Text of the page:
Bonus Number Two. For working people, "vacation" offers vactioners the option of doing what they don’t get to do at home. Meaning nothing. I know there are “Type A” maniacs who take their driven personalities with them on vacation as well – “We saw six churches, five museums, a glass blowing factory, and a ghetto. And then we had lunch.” – but such behavior is far from obligatory. On vacations, laziness is seriously encouraged. Vacations are battery-charging “Time outs.” Doing nothing is entirely acceptable.
It’s different at home. Every morning, I kiss my wife goodbye, I watch her leave the house, heading off to a responsible position at a building with her own office and, I believe, a parking space. And I’m in my pajamas. No matter how happy I am, writing this blog, playing the piano, taking the odd Extension class, inside, there’s a voice, asking this nagging daily question:
“Shouldn’t you be doing something?”
On vacation is the answer to that question is a resounding, “No!”
I do nothing all the time. It’s only on vacation that I have permission to do nothing.
I can’t tell you how much better than feels.
Bonus Number Three, which I’ll go into more detail about tomorrow. The vacation setting – like one that plunks me down in the middle of a forest – provides me with the physical, spiritual and emotional configuration to be able to read. In fifteen days, I read five books and took a substantial bite out of a sixth. That doesn’t happen at home. Aside from the paper and a couple of magazines (The New Yorker and The Atlantic), I don’t read anything.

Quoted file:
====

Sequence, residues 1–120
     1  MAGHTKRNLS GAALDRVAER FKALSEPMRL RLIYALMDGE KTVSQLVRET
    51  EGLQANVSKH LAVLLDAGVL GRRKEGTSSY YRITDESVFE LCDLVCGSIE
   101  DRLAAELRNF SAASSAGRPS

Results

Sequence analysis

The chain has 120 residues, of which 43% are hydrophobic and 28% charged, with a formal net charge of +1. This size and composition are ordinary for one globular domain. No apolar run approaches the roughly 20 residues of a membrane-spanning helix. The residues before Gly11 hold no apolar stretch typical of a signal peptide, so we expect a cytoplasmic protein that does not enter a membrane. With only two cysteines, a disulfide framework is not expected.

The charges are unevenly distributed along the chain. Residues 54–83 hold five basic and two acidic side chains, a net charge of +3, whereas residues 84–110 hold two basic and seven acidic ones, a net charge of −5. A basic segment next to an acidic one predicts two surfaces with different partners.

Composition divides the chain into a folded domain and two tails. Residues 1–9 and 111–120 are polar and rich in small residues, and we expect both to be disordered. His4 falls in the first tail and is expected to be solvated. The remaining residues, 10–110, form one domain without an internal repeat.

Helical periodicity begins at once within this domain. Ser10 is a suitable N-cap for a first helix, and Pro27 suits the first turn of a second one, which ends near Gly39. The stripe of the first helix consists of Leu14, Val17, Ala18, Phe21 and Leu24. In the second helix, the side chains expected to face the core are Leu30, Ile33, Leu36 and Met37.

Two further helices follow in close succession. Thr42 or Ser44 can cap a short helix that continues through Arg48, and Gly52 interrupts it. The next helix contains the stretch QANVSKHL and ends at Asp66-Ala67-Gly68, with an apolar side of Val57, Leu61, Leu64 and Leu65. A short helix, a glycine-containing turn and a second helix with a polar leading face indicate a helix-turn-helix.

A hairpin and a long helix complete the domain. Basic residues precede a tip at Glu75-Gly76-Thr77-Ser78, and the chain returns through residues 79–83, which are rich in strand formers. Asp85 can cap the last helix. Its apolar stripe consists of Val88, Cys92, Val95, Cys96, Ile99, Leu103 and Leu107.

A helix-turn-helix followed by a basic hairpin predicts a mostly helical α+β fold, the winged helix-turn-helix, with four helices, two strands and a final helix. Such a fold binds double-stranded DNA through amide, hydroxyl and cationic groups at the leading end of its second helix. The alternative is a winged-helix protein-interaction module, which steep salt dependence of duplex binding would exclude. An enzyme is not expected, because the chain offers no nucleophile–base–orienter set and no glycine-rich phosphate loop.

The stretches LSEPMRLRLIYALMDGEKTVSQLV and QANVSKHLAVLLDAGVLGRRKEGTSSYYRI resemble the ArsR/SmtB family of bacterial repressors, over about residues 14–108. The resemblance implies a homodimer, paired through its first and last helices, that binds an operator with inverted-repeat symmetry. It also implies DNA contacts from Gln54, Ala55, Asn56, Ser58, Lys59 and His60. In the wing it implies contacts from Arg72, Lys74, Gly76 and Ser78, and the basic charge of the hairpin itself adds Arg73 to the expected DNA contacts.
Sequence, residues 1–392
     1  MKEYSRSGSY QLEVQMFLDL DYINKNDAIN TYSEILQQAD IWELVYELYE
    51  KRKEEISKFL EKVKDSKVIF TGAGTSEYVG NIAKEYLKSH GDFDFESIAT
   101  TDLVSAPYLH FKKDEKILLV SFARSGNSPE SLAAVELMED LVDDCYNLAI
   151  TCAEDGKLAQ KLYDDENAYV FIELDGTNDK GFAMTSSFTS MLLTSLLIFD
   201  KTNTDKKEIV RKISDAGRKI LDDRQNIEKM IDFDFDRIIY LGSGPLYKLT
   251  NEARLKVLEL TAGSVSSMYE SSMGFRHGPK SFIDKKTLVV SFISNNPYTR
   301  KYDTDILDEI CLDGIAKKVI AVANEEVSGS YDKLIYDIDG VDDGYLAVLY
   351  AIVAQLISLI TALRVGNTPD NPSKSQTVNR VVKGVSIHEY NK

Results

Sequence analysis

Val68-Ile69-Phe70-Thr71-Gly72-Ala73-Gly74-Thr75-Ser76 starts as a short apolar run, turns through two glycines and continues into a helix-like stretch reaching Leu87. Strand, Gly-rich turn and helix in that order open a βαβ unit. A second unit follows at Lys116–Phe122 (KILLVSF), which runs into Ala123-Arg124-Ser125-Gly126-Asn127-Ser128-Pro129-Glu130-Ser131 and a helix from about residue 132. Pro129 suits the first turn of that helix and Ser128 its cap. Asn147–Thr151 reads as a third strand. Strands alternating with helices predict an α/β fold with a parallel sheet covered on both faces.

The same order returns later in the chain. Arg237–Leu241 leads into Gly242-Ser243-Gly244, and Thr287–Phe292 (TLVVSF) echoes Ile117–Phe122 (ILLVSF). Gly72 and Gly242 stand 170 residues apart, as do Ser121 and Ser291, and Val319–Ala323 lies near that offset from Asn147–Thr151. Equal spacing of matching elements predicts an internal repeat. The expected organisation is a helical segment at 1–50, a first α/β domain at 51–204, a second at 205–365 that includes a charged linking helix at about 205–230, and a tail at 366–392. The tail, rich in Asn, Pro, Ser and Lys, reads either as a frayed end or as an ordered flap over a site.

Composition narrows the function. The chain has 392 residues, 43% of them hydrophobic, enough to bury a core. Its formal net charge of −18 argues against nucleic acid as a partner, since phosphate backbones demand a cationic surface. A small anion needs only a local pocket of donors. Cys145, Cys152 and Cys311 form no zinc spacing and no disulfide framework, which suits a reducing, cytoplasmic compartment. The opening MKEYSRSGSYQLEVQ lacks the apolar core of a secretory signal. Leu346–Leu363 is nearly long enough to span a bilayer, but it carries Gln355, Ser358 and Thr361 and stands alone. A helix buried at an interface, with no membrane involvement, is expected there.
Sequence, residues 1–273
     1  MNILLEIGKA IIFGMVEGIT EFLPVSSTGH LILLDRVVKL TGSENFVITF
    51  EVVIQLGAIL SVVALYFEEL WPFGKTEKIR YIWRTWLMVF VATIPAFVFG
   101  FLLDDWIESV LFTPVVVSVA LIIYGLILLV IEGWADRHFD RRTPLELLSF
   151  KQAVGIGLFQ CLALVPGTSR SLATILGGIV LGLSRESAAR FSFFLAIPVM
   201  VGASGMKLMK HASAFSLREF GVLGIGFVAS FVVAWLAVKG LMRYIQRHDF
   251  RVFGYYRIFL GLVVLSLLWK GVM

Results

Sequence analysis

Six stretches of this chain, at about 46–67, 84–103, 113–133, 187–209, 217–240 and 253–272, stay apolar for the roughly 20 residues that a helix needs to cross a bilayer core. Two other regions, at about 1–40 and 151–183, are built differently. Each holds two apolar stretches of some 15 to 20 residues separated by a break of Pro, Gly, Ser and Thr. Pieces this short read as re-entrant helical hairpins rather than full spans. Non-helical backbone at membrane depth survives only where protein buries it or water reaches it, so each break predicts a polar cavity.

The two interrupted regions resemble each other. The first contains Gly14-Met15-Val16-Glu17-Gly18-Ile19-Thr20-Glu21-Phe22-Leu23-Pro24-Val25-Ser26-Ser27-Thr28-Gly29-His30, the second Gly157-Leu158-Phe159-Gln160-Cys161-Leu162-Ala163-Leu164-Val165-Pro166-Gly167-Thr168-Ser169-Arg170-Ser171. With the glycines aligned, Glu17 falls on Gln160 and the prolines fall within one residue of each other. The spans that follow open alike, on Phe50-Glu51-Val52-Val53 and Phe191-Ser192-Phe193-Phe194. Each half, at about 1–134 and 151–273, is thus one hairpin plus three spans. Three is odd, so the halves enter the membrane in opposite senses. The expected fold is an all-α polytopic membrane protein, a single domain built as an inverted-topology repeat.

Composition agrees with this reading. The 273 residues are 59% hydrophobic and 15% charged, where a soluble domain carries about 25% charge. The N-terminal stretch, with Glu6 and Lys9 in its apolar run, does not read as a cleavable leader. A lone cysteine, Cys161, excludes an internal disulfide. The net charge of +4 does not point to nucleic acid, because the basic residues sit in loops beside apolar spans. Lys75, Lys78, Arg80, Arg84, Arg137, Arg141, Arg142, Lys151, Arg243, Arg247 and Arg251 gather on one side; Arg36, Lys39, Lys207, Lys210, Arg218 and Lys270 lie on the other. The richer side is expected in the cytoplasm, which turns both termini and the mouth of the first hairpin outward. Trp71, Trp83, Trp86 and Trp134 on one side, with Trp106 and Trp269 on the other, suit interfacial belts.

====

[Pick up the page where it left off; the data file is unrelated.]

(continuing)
Why don’t I read at home? I’ll answer that next time.
Hint: Get ready for some massive ingratitute.
A little “Head’s Up!” This story may help you avoid an unnerving mid-air mishap.
On my flight back to Los Angeles, I’m traveling “Business Class” – the “Miles for Leg Room” program. Half way through the flight, I get up to go to the bathroom. The “facilities” are situated up front, just behind where the pilots do their thing. I head towards the front of the plane.
When I reach the top of the aisle, I come upon an unattended food cart, turned horizontally, blocking my advance. When I reach to move the food cart out of the way, a very serious flight attendant swoops in and informs me, in an icily official tone, that if I take one step forward, I’ll be guilty of “breaching the cockpit.”
Though not an infrequent flyer, I have never heard of “breaching the cockpit”, and I think the flight attendant is kidding. The woman’s “no nonsense” demeanor convinces me she’s not. Her scary intensity tells me she that has access to equipment for stopping people from “breaching the cockpit”. Suddenly, I’m not in that big a hurry.
I can wait. The cockpit will not be “breached “by me.
Moments later, the pilot emerges from the bathroom. (Hence, the security.) The pilot knocks on the cockpit door, employing a highly classified secret code:
The cockpit door opens. The pilot returns inside. The food cart is now moved aside, and on the flight attendant’s signal, I am permitted to move forward.
It was a harrowing interlude. I could easily imagine the headline:
“Passenger gunned down while trying to pee.”
This is hardly the way I would like to be remembered.